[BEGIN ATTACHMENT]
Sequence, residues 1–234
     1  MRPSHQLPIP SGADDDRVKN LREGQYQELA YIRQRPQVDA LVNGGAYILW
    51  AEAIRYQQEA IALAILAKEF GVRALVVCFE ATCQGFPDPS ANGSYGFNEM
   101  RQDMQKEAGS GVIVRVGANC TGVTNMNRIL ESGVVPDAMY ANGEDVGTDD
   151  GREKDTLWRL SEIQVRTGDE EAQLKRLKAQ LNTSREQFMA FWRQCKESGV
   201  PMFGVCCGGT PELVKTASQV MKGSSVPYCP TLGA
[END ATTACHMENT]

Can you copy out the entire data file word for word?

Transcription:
Sequence, residues 1–234
     1  MRPSHQLPIP SGADDDRVKN LREGQYQELA YIRQRPQVDA LVNGGAYILW
    51  AEAIRYQQEA IALAILAKEF GVRALVVCFE ATCQGFPDPS ANGSYGFNEM
   101  RQDMQKEAGS GVIVRVGANC TGVTNMNRIL ESGVVPDAMY ANGEDVGTDD
   151  GREKDTLWRL SEIQVRTGDE EAQLKRLKAQ LNTSREQFMA FWRQCKESGV
   201  PMFGVCCGGT PELVKTASQV MKGSSVPYCP TLGA